Using a paper strip
If the previous 2 methods don’t work, this will!
Cut a piece of paper 5 cm /2 inches in length. The paper needs to be narrower than the needle eye.
Fold the paper in half and place the end of your thread inside. The thread will be sandwiched in between the two layers of paper.
Now pull the paper through the eye of the needle.
Threads for embroidery
There is such a variety of effects and styles in embroidery! This variety calls for a wide range of embroidery threads.
They differ in fiber composition, number of plies and strands. However, all embroidery threads are uniform throughout otherwise it gets difficult to pull them through the fabrics.
Types of embroidery threads
- Stranded cotton (stranded floss)
- Pearl cotton
- Soft embroidery cotton
- Pure silk
- Crewel cotton
- Persian wool
- Tapestry wool
- Knitting wool
- Rug wool
- Metallic thread
Depending on the embroidery project you may want to consider using a thread with multiple strands or a single strand.
For heavy fabrics I like to use thick threads and for lighter fabrics I would normally go for a pearl cotton or a soft embroidery cotton.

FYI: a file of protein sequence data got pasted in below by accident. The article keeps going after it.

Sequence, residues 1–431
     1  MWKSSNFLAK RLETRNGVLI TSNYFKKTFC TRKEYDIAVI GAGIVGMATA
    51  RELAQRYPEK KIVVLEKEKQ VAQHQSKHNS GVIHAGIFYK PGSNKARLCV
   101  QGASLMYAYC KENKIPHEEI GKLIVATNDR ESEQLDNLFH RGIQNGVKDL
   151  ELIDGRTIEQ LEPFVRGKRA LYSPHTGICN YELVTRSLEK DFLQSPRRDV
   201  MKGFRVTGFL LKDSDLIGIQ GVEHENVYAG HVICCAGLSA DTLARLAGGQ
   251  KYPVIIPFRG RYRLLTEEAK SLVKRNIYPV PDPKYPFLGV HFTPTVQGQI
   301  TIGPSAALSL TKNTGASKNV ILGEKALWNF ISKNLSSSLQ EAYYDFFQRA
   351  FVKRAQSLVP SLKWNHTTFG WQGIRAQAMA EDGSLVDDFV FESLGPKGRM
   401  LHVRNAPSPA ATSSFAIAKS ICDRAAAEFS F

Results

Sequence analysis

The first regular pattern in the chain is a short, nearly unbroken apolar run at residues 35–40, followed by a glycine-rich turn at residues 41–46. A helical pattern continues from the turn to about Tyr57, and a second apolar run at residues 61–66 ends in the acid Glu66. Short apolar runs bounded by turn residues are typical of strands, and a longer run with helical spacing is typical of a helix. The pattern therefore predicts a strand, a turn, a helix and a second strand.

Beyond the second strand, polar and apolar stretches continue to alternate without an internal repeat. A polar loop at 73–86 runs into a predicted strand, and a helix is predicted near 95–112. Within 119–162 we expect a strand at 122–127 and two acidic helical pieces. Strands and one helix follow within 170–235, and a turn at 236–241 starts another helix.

Embroidery fabrics for an embroidery needle
There are 3 main types of embroidery fabrics:
- Plain weave
- Even weave (Aida fabric, Binca fabric and Hardanger fabric)
- Surface pattern
Plain weave: These include fabrics that are tightly woven and have a smooth surface.
Even weave fabrics: These are essentially plain weave as well but the main difference is that the thread count is exactly the same for the warp and the weft.
Surface pattern: These fabrics have an even surface pattern which acts as a guide for certain type of embroidery such as cross stitch and smocking.
My top picks are the three types of needles described in this post: Tapestry/crewel and chenille needles. This needle set will allow you to create a variety of embroidery and crewel work.
My favorite needles to make french knots and bullion knots is the tapestry needle. I also like this needle for canvas work.
My prefered needle to work on aida fabric is a crewel needle.